Analyzing the DMTF incubator process
Analyzing the DMTF incubator process
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Depending on how you choose to look at it, either the DMTF has streamlined the process of defining standards or it has created a rubberstamping machine. I am referring to the “DMTF Standards Incubation Process”. It is recent, but not brand new (the DSP that defines it is dated April 6, 2007). I had heard about it but never really looked into it. Until this weekend, when I finally got motivated to investigate a bit. AFAIK this process has not yet produced any specification.
As I understand it, the goal of this incubation process is to allow a group of like-minded companies to get together in the DMTF and produce an “informational specification”, which is typically a refinement of a vendor submission. The informational specification would then go through a normal DMTF working group but often in an expedited fashion, only allowing limited changes. That’s not a guaranteed outcome, but it seems to be the “normal” case as envisioned in this process.
This overview should make it clear why this can be seen as a rubberstamping machine. Here are a few key points (the quotes come from the process description):
- “Standards Incubators are often formed in conjunction with an initial baseline contribution by the founding members with the expectation that the group will serve to evolve and finalize that contribution” and later it says that leadership members should have a “commitment to maintaining alignment with the input submission”.
- Only leadership-level DMTF members get to be on the review board (the part of the incubator that makes decisions). They have to fairly consider comments from the other companies, whatever “fairly” means.
- It is necessary but not even sufficient to be DMTF leadership-level company to be on the review board of an incubator. If you are not there when the incubator is created then you have to be approved by the current leadership members to join. It is unclear to me whether any DMTF leadership-level company can join the “review board” of an incubator at the start or whether those who propose the incubators get to choose who they let in.
There is nothing sneaky here, the incubator process is pretty upfront about being designed to allow a vendor-provided specification to be considered/reviewed/improved in a friendly environment, in which opponents are kept away. The question is what happens next. There are four possible dispositions once an incubator finishes its work and its has produced an informational specification.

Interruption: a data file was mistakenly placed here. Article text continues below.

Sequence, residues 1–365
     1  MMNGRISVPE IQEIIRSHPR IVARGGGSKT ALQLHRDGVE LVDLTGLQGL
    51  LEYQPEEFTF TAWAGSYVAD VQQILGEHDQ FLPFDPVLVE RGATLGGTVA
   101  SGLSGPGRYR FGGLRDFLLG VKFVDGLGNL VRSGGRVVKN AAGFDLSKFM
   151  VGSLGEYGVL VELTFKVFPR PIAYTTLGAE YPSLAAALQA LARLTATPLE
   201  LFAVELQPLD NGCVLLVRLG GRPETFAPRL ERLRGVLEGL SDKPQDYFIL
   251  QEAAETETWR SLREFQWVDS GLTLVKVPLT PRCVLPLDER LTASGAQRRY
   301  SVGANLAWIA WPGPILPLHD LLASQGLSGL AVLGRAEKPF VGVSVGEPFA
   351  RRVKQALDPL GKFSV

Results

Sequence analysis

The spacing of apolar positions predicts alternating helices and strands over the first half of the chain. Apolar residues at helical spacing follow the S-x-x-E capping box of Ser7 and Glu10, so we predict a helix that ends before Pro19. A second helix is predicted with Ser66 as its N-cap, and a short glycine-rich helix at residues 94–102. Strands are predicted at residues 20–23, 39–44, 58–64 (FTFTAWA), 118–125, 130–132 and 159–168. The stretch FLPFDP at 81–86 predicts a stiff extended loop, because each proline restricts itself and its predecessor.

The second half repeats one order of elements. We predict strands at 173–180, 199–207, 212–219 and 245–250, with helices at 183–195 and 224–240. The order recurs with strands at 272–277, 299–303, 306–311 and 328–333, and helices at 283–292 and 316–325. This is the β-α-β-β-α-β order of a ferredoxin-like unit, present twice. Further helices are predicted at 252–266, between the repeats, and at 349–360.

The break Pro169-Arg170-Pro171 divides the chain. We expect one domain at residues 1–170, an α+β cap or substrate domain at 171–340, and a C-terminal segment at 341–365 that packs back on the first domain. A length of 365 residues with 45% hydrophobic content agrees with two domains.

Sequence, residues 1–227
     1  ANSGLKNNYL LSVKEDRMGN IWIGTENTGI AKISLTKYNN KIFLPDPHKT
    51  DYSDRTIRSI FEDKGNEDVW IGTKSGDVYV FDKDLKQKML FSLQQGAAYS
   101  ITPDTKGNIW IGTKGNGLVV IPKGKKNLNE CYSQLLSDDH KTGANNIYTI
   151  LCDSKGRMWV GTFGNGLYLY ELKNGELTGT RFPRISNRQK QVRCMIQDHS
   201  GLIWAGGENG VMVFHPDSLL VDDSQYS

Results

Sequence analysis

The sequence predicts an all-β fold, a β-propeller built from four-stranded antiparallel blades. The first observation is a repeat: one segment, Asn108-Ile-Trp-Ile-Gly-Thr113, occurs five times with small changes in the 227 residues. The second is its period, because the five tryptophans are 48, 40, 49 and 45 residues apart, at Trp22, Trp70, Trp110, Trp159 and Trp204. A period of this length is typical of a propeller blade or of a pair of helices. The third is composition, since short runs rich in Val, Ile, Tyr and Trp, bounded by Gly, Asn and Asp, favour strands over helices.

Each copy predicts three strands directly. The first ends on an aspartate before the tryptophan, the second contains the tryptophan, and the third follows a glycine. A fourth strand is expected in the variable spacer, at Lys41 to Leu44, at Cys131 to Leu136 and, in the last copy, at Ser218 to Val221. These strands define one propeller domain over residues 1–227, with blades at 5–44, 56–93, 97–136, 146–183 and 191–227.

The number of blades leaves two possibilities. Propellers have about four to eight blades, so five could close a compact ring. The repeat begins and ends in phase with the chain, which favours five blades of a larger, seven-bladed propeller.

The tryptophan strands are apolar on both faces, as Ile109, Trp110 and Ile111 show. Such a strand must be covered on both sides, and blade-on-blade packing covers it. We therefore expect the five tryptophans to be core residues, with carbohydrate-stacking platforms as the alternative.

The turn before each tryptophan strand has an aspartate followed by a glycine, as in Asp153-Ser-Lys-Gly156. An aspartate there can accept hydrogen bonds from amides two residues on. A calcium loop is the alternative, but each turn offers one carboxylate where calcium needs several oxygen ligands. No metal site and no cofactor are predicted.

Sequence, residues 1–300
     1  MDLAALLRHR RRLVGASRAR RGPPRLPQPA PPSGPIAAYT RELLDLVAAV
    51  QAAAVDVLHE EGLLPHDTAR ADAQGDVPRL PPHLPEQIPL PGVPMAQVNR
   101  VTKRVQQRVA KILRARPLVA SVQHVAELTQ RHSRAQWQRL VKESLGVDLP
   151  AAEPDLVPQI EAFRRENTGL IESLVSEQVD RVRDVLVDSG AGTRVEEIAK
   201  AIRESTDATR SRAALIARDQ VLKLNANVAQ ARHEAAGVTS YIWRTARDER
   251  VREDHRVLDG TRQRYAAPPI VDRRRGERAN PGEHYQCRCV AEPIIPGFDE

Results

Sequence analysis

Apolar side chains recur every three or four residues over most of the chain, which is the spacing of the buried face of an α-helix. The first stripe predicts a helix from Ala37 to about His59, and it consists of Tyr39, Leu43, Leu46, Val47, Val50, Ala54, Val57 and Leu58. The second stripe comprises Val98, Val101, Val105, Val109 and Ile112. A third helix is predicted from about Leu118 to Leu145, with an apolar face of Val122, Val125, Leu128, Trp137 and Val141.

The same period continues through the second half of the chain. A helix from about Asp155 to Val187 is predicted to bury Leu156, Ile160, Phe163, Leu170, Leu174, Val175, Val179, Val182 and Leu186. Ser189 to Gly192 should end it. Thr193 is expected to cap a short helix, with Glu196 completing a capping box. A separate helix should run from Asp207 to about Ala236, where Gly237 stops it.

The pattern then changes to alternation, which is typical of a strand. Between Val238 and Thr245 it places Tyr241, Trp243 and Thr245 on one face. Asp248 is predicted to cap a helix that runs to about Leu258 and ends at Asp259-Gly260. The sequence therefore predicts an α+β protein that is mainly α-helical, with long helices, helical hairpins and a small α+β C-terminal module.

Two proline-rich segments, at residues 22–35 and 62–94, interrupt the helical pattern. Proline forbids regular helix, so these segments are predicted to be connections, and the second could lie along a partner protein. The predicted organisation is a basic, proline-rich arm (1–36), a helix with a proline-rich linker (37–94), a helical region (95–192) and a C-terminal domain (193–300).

The first two, “bootstrap / expedited delivery” and “finalization” are pretty close in practice. A working group is created that is restricted to not making any significant change to the “information specification”. The “bootstrap” approach only allows small corrections, “finalization” also allows some additions (but no change of what is already there). In other words, the working group is mandated to pretty much rubberstamp the informational specification: with these two dispositions, there is no opportunity (in the incubator or in the ratification group) for people to suggest technical approaches that are significantly different from those in the initial submission.
The place where technical alternatives can be considered is if a competing incubator is created. At this point, the DMTF board may decide that a working group should be created to reconcile the two. Even then, the board may pick a winner (in which case the reconciliation amounts to adding in the selected specification some features that are only present in the other specification, in effect protecting existing implementations of the winner). And if this is the path taken, the process makes it clear that this should be driven not by technical merits but by “adoption and momentum”. Which implies that the companies that ship the most products get to pick since they can single-handly create “adoption and momentum”.
And finally, the last possible disposition is “termination”, in which no further work on the informational specification takes place in the DMTF. But the barrier is pretty high for this direction to be taken: the specification has to have “little adoption or industry interest”. It seems reasonable to interpret this to mean that this would only apply if the initial proponents (who created the incubator) have lost interest themselves, otherwise they alone would provide sufficient “industry interest” for the termination to not take place and force another outcome (which can only be one of the first two, the rubberstamping options, if there is no competing incubation group). And even if the work is indeed terminated, the specification remains available indefinitely as a “DMTF informational specification” which people can (and will, if it serves their purpose) simplify to “a DMTF specification”. The difference between this and a DMTF standard will be lost on 99% of IT writers and IT buyers. I submit as evidence all the confusion about the status of a “W3C note” (the confusion prompted W3C to eventually rename this to “submission”). It will be even less clear with DMTF “informational specifications” because, unlike W3C notes, they did go through some modifications in the DMTF and they are indeed a product of the DMTF. I would not be surprised if some “DMTF informational specifications” stayed just that and lived a happy life as a pseudo-standard. One thing that remains unclear is whether such a terminated informational specification can be taken over by another standards organization.